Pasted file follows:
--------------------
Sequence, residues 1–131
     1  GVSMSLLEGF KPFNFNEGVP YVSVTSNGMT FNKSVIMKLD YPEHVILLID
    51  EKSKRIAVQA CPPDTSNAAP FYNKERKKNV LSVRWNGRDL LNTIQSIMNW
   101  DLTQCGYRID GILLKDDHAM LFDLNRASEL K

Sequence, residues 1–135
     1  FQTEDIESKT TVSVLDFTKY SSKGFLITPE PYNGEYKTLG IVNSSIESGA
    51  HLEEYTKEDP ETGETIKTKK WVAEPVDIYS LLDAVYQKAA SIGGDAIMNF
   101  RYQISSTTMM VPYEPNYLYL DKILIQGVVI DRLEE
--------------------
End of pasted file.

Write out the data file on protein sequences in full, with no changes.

Sequence, residues 1–131
     1  GVSMSLLEGF KPFNFNEGVP YVSVTSNGMT FNKSVIMKLD YPEHVILLID
    51  EKSKRIAVQA CPPDTSNAAP FYNKERKKNV LSVRWNGRDL LNTIQSIMNW
   101  DLTQCGYRID GILLKDDHAM LFDLNRASEL K

Sequence, residues 1–135
     1  FQTEDIESKT TVSVLDFTKY SSKGFLITPE PYNGEYKTLG IVNSSIESGA
    51  HLEEYTKEDP ETGETIKTKK WVAEPVDIYS LLDAVYQKAA SIGGDAIMNF
   101  RYQISSTTMM VPYEPNYLYL DKILIQGVVI DRLEE